Study Title
Associations Between Ultra-Processed Food Consumption and Adverse Brain Health Outcomes

Varun M. Bhave, BA, Carol R. Oladele, PhD, MPH, Zsuzsanna Ament, PhD, Naruchorn Kijpaisalratana, MD, PhD, Alana C. Jones, PhD, Catharine A. Couch, PhD, RD, Amit Patki, MS, Ana-Lucia Garcia Guarniz, MD,
Aleena Bennett, MS, Michael Crowe, PhD, Marguerite R. Irvin, PhD, and W. Taylor Kimberly, MD, PhD


Background and Objectives
Ultra-processed foods (UPFs) are linked to cardiometabolic diseases and neurologic outcomes, such as cognitive decline and stroke. However, it is unclear whether food processing confers neurologic risk independent of dietary pattern information. We aimed to (1) investigate as- sociations between UPFs and incident cognitive impairment and stroke and (2) compare these associations with other commonly recommended dietary patterns in the REasons for Geo- graphic and Racial Differences in Stroke study. This prospective, observational cohort study enrolled Black and White adults in the United States from 2003 to 2007.

The NOVA system was used to categorize items from a baseline food frequency questionnaire according to the level of processing. Participants with incomplete or implausible self-reported dietary data were excluded. Consumption for each category (grams) was normalized to total grams consumed. Scores quantifying adherence to a Mediterranean, Dietary Approaches to Stop Hypertension (DASH), and Mediterranean-DASH Intervention for Neurodegenerative Delay (MIND) diet were also calculated. Incident cognitive impairment was defined using performance relative to a normative sample on memory and fluency assessments. Incident stroke was identified through adjudicated review of medical records.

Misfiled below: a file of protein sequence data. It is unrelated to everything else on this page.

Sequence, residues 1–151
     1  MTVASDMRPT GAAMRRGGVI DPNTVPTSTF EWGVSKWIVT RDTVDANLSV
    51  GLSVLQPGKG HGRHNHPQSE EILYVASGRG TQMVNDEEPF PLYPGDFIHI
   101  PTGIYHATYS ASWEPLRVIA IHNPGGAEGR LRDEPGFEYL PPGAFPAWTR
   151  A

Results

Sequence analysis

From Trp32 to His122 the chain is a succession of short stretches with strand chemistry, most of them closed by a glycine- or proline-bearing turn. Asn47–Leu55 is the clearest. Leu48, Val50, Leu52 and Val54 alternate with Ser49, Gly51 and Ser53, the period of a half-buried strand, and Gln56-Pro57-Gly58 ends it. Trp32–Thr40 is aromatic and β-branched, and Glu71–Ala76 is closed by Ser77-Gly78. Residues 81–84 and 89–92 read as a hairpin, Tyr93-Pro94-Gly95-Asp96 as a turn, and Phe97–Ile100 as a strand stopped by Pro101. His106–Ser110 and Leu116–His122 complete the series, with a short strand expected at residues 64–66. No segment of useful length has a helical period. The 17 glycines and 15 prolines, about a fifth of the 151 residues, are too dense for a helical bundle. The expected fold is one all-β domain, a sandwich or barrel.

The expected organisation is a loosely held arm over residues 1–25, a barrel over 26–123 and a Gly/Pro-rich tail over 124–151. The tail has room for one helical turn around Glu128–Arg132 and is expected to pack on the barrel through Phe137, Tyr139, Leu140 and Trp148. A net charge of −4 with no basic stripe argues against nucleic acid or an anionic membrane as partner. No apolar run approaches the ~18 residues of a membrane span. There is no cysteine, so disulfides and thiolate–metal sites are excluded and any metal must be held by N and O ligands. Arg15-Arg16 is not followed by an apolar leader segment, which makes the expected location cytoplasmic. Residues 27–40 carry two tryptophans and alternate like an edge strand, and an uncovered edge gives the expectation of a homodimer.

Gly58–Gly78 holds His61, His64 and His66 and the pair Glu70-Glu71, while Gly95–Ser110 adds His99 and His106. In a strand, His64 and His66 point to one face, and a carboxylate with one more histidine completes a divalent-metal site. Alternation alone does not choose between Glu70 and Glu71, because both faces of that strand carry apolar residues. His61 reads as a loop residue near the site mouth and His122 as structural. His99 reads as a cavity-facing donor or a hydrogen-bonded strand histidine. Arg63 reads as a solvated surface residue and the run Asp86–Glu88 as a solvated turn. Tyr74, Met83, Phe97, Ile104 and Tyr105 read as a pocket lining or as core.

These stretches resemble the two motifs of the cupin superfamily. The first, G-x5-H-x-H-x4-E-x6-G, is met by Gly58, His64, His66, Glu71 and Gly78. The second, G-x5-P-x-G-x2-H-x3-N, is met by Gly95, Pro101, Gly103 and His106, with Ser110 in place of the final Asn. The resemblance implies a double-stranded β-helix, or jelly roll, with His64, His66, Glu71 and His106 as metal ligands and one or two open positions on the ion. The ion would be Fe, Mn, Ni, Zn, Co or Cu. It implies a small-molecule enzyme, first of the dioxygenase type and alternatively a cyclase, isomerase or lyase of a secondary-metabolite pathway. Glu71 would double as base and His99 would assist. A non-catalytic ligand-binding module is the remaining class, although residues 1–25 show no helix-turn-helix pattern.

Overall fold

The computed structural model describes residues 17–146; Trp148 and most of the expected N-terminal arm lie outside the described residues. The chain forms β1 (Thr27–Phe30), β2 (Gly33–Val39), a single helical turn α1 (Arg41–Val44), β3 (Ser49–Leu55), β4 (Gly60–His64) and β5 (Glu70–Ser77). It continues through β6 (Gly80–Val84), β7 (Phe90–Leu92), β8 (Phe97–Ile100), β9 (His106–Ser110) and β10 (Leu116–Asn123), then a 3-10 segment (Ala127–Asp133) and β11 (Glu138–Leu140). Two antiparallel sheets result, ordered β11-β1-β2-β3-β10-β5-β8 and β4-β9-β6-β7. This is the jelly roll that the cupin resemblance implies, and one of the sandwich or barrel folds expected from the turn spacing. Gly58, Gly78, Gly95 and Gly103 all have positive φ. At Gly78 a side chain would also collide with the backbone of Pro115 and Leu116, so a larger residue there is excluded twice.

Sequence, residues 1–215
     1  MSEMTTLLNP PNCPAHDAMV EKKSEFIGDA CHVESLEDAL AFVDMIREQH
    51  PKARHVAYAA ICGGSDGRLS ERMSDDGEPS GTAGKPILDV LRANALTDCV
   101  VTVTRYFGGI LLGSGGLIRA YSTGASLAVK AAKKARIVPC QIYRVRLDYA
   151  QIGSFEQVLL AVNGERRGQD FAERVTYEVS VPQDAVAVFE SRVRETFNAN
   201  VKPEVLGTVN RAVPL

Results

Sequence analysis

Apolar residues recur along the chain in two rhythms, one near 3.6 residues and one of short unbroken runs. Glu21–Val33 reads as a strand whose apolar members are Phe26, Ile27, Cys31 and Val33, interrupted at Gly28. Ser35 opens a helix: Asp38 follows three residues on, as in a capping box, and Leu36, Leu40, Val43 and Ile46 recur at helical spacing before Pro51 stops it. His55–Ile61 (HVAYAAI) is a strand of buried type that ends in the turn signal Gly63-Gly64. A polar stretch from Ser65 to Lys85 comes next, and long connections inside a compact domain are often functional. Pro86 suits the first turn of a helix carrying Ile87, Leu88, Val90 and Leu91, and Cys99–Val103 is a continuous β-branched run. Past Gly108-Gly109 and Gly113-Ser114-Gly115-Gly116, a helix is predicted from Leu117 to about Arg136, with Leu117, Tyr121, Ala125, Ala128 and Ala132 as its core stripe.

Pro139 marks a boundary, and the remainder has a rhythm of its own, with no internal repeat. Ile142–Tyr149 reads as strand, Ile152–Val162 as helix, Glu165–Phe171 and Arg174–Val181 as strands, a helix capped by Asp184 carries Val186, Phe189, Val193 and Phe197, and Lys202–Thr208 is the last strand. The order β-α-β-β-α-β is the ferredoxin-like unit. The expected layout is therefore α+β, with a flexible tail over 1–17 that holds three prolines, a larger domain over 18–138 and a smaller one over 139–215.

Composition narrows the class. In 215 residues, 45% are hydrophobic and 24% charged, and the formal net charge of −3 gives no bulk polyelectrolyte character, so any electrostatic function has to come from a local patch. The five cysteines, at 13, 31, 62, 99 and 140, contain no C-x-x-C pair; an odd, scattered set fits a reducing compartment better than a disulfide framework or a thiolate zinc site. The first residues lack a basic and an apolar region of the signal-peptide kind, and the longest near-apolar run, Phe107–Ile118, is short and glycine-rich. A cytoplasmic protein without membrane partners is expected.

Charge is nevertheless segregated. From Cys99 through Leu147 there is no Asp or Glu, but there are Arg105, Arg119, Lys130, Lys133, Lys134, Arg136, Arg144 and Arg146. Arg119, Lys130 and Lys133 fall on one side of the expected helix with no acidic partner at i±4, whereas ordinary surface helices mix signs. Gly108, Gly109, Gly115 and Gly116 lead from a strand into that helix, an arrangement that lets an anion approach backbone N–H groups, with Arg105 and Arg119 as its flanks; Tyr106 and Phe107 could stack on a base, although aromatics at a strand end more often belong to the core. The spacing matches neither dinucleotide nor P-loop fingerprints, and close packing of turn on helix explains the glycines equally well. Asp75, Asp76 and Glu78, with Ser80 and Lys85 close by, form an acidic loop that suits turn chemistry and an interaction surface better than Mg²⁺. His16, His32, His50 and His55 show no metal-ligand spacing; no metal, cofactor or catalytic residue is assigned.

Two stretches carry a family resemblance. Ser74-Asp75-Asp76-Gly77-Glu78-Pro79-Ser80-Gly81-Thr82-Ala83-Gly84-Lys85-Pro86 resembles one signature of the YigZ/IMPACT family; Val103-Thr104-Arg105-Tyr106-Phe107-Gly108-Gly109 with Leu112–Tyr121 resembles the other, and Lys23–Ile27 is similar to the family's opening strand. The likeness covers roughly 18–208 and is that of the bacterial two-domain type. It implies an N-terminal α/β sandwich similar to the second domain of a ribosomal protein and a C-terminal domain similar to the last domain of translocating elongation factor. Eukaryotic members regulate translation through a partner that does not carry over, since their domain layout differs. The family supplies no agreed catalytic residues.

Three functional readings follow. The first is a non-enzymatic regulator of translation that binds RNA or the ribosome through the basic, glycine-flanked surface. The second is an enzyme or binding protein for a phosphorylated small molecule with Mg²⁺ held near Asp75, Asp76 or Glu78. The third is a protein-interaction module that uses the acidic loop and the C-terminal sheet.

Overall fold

The cognitive impairment cohort (n = 14,175) included participants without evidence of impairment at baseline who underwent follow-up testing. The stroke cohort (n = 20,243) included participants without a history of stroke. In multivariable Cox proportional hazards models, a 10% increase in relative intake of UPFs was associated with higher risk of cognitive impairment (hazard ratio [HR] = 1.16, 95% CI 1.09–1.24, p = 1.01 × 10−5) and intake of unprocessed or minimally processed foods with lower risk of cognitive impairment (HR = 0.88, 95% CI 0.83–0.94, p = 1.83 × 10−4). Greater intake of UPFs (HR = 1.08, 95% CI 1.02–1.14, p = 1.12 × 10−2) and unprocessed or minimally processed foods (HR = 0.91, 95% CI 0.86–0.95, p = 2.13 × 10−4) were also associated with risk of stroke in multivariable Cox models. The effect of UPFs on stroke risk was greater among Black than White participants (UPF-by-race in- teraction HR = 1.15, 95% CI 1.03–1.29, p = 1.50 × 10−2). Associations between UPFs and both cognitive impairment and stroke were independent of adherence to the Mediterranean, DASH, and MIND diets.

Food processing may be important to brain health in older adults independent of known risk factors and adherence to recommended dietary patterns.

June 11, 2024
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